The pH is critical in photocatalytic degradation because it affects the release of protons and the formation of hydroxyl radicals. Various sectors, such as dye manufacturing and surface coating, discharge their effluent into water sources at different stages. As a result, determining the effect of pH on pollutant photodegradation in the organic dye mechanism is critical. This involves hydroxyl radical attack, direct electron reduction in the conducting band, and positive hole direct oxidation [60]. Using a concentration of 10 mg/mL dye solution and 1 g/L of Fe3O4@SiO2@Ru photocatalyst, the pH effect was studied at various pH values. The pH of the solution was modified using diluted sodium hydroxide (NaOH) or hydrochloric acid (HCl). At pHs 4, 7, and 10, the photocatalytic degradation of azo dyes was measured and the respective degradation results are presented in Figure 11. As the pH increases from 4 to 10, the azo dye degradation efficiencies decreased, indicating that pH plays a large part in the degradation of MO and MR. In the acid medium, the most degradation is found. In addition, MO dye was found to degrade faster than MR dye. As a result of the effective electron transfer, the interaction of the photocatalyst ions with the positive holes resulted in the generation of a significant number of hydroxyl radicals and the formation of a rich surface complex bond [61]. The photodegradation was reduced with higher pH values; this is due to the coulombic repulsion between the hydroxyl (OH) anions and the positive charged oxide surface, which is caused by the diffusion of the further generated OH anions on the catalyst surface. The increased pH can also cause a cathodic displacement of the composite catalyst valence band position, reducing the holes’ potential to oxidize [62].

3.10.2. Effect of Variation in Dosage of Fe3O4@SiO2@Ru Photocatalyst

The optimal amount of catalyst loading is the decisive step in scaling up the photocatalytic process since it affects both the process’s economy and the downstream processing needed to remove the photocatalyst from the reaction mixture. The effect of Fe3O4@SiO2@Ru photocatalyst loading on the degradation of MO and MR dyes at concentrations ranging from 0.2 to 1.0 g/L was investigated under a constant of experimental conditions of 10 mg/mL of MO/MR dye concentration and pH 4. Figure 12 illustrates the effect of the photocatalyst loading on the degradation efficiency. As expected, the amount of Fe3O4@SiO2@Ru applied to the reaction medium had an impact on the efficiency of the operation. The percentage of azo dye removal increased linearly with Fe3O4@SiO2@Ru loading and reached a maximum of 0.8 g/L. Beyond that, the removal percentage is almost constant as the Fe3O4@SiO2@Ru dose is increased. The observed increase in decolorization efficiency is explained by a rise in the density (number) of active sites on the catalyst, which leads to an increase in the active radicals (hydroxyl and superoxide) that trigger the degradation reaction. As the catalyst loading is increased, the Fe3O4@SiO2@Ru particles serve as a barrier to incident visible irradiation, preventing it from reaching other particles. Another possibility is that the catalyst NPs aggregate due to their high surface energy and surface area. As a result, the effective surface area of the catalyst decreases, resulting in a decrease in decolorization performance.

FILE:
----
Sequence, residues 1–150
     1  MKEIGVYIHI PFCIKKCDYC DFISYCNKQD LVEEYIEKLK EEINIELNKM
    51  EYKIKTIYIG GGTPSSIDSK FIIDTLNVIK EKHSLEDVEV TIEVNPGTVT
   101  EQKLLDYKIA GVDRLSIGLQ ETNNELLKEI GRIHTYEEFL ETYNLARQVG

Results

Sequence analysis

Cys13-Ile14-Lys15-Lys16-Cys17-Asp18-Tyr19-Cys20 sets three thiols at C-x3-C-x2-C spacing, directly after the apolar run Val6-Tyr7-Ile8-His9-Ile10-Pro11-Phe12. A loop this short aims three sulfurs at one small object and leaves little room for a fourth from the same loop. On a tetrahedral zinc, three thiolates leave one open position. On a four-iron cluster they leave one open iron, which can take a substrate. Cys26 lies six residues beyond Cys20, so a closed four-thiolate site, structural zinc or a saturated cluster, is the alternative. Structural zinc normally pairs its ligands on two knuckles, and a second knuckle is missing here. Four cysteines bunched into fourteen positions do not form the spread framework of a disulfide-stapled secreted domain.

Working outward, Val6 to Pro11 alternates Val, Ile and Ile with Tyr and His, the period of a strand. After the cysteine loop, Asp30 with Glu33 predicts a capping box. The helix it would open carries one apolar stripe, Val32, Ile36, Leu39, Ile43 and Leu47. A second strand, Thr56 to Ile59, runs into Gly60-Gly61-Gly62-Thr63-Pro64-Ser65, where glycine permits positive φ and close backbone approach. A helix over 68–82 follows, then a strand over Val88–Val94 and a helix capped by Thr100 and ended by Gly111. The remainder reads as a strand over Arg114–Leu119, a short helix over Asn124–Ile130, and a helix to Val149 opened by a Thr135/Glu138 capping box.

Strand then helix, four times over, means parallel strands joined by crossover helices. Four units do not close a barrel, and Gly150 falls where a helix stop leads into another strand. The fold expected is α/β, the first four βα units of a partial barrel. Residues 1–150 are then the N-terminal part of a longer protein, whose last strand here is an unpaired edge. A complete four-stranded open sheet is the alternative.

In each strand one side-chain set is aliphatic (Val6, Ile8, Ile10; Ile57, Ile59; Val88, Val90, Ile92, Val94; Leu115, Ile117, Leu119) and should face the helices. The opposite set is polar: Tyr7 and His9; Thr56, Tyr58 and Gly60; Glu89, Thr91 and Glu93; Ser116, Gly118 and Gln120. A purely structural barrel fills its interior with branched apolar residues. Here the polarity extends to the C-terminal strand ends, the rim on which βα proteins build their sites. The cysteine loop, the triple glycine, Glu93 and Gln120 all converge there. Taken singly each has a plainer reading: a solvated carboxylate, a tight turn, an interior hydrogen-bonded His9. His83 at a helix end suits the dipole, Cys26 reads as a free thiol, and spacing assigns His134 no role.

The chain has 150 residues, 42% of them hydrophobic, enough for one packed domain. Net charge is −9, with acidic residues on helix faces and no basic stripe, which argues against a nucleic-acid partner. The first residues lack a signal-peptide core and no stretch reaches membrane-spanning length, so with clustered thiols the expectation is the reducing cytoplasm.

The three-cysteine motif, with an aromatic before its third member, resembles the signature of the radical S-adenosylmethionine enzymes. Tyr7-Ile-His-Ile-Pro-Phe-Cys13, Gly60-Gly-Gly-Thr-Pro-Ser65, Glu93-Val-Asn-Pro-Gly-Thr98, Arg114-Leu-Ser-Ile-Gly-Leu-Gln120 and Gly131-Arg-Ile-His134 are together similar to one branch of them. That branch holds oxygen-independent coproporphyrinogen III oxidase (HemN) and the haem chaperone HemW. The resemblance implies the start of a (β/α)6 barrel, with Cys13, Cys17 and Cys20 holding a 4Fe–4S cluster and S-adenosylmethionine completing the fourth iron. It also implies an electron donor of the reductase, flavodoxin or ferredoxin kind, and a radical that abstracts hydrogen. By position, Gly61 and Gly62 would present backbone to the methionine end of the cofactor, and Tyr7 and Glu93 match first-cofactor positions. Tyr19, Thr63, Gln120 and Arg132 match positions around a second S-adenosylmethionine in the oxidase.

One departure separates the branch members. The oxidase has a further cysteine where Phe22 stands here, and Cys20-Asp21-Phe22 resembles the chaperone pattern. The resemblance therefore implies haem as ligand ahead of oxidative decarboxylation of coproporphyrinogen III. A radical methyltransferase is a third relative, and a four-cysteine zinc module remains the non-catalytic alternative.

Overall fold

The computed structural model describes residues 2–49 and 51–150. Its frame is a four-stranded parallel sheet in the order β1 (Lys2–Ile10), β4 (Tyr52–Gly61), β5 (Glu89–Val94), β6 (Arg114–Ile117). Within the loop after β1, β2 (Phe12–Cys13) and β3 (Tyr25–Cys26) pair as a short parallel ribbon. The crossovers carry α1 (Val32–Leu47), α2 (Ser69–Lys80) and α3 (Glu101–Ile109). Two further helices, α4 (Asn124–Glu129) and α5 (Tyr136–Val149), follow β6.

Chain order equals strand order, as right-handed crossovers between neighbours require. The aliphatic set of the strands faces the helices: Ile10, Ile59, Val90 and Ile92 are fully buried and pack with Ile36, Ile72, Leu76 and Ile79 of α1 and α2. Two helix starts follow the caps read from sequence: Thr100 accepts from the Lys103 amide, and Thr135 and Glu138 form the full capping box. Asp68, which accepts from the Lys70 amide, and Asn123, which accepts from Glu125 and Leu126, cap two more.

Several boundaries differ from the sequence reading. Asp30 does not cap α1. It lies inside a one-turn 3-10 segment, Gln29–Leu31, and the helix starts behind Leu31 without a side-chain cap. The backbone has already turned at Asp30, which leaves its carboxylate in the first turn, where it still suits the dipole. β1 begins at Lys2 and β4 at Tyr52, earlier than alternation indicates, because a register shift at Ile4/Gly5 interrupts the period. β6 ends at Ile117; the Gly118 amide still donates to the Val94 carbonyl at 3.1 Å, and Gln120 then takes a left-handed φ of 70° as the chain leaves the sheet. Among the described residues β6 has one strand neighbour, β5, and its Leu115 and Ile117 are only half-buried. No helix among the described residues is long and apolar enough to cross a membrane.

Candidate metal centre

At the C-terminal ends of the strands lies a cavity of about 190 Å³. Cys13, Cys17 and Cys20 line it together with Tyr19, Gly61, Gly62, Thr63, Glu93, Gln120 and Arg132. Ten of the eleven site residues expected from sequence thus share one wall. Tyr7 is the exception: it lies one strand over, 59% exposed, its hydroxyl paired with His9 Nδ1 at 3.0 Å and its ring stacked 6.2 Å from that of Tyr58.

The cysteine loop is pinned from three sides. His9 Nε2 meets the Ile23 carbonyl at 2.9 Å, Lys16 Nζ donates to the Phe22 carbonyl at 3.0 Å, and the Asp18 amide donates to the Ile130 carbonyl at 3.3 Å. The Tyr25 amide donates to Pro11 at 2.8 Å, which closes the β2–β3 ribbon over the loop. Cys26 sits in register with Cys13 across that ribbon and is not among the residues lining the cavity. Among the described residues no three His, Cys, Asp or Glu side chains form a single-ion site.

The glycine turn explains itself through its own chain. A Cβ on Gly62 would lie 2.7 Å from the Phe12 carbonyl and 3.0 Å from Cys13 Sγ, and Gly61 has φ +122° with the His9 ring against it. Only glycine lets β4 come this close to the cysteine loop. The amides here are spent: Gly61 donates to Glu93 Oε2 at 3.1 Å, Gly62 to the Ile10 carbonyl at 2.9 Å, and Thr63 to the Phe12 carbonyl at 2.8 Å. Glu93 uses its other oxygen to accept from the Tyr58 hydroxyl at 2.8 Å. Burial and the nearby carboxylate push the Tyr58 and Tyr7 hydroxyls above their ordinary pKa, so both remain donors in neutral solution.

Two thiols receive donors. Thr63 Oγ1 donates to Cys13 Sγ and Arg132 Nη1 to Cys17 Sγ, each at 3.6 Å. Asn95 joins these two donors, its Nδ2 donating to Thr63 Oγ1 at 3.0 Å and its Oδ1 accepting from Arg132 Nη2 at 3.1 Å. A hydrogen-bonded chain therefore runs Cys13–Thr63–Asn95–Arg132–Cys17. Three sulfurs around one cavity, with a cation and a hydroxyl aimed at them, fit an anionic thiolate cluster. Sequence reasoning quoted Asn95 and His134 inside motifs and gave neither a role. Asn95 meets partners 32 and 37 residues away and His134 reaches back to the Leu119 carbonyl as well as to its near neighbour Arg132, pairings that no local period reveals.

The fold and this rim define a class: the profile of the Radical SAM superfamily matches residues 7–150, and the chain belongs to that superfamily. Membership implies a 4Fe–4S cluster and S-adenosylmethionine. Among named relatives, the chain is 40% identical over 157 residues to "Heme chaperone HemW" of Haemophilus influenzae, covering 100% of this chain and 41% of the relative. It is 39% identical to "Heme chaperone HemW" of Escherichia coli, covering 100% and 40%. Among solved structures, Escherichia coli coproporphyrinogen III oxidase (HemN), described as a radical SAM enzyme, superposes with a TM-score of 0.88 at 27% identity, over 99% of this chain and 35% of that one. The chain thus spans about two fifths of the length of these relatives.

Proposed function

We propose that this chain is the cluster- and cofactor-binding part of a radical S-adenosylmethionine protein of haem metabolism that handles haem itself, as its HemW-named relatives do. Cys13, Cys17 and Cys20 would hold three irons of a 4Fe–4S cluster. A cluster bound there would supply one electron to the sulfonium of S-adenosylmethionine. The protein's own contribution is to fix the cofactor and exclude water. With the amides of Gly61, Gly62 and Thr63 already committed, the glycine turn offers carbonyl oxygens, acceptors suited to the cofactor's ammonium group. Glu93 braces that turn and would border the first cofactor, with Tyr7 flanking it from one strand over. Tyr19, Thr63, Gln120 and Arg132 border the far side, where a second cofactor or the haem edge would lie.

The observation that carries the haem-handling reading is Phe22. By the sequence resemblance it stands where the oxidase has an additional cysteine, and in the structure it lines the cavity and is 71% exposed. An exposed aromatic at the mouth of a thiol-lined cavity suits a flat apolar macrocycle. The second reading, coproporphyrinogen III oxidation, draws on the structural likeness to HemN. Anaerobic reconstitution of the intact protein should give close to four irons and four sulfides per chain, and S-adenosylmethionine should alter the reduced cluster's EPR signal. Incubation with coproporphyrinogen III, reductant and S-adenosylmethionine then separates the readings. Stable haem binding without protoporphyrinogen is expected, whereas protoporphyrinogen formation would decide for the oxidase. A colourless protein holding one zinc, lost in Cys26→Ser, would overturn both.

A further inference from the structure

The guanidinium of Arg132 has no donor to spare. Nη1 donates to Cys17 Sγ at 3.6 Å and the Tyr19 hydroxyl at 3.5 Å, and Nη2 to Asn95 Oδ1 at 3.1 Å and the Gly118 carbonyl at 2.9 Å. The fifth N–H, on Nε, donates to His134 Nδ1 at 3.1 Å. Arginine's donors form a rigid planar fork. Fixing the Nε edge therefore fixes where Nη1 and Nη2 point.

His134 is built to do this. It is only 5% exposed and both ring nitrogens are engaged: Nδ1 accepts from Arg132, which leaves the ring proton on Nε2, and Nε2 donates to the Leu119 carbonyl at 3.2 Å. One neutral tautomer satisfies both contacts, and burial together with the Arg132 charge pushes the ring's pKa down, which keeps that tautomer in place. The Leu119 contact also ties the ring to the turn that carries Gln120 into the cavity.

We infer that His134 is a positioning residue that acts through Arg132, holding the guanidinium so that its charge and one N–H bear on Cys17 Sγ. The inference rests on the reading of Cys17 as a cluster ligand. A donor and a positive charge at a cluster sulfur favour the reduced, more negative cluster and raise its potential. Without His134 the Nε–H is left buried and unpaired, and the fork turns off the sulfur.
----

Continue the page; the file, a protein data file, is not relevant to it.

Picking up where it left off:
3.10.3. The Effect of Azo Dye Concentration

The rate at which a dye or pollutant degrades photocatalytically depends on its concentration, nature, and the role of other compounds in the polluted water. The concentration of dye has an effect on the photodegradation efficiency of MO and MR dyes, as seen in Figures 13(a) and 13(b). At concentrations of 10, 20, 30, and 40 mg/L, the degradation efficiencies were determined by keeping a constant dose of 1 g/L of Fe3O4@SiO2@Ru photocatalyst and a constant pH of 4. The results showed that the degradation efficiencies for MO were observed as 67, 78, 84, and 93 percent, respectively, and for MR as 60, 73, 82, and 88 percent, respectively. The low concentration of azo dye, 10 mg/L, provides the highest performance, while the high concentration activates the photocatalytic process but slows down its degradation rate. A possible way is that as the initial concentration of the dye increases, the azo dye molecules get adsorb on the Fe3O4@SiO2@Ru photocatalyst surface, which absorbs a significant amount of visible light. This leads to a saturated photocatalyst’s surface (the MO/MR dye molecules completely occupy the active sites of the Fe3O4@SiO2@Ru photocatalyst), and the number of photons getting to the Fe3O4@SiO2@Ru surface decreases, which is induced by the high concentration of the azo dye. This also diminishes the generation of hydroxyl radicals, resulting in inactivation of the photocatalytic degradation reaction. In addition, the nature of the dye is used to effectively bind to the photocatalyst surface, which makes it capable of removing dyes from the solution more efficiently.

3.10.4. Kinetics of MO/MR Dye Degradation

The kinetics of photocatalytic degradation of azo dyes, MO and MR, by Fe3O4@SiO2@Ru catalysts was estimated by pseudo-first-order kinetics, which is given by the following equation: where indicates the initial concentration of the MO/MR dye (mg/L), is the concentration of the MO/MR dye after irradiation time “,” and is the degradation rate constant (min-1). The is plotted as a function of the irradiation time for different MO/MR dye concentrated samples, and the corresponding curves are displayed in Figures 13(c) and 13(d). It can be seen from the kinetic plots that a linear relationship between and irradiation time was found for both MO and MR azo dyes. The photocatalytic degradation of the azo dyes follows the pseudo first-order kinetics of the Langmuir–Hinshelwood model [63]. The degradation rate constants are estimated using the slopes of regression lines and are listed in Table 1.